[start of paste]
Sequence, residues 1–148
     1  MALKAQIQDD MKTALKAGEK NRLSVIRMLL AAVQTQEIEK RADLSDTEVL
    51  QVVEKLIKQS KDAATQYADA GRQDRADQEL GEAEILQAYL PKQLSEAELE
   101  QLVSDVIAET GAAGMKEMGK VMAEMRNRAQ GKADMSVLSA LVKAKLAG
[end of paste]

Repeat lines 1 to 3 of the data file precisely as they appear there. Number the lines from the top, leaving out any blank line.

Sequence, residues 1–148
     1  MALKAQIQDD MKTALKAGEK NRLSVIRMLL AAVQTQEIEK RADLSDTEVL
    51  QVVEKLIKQS KDAATQYADA GRQDRADQEL GEAEILQAYL PKQLSEAELE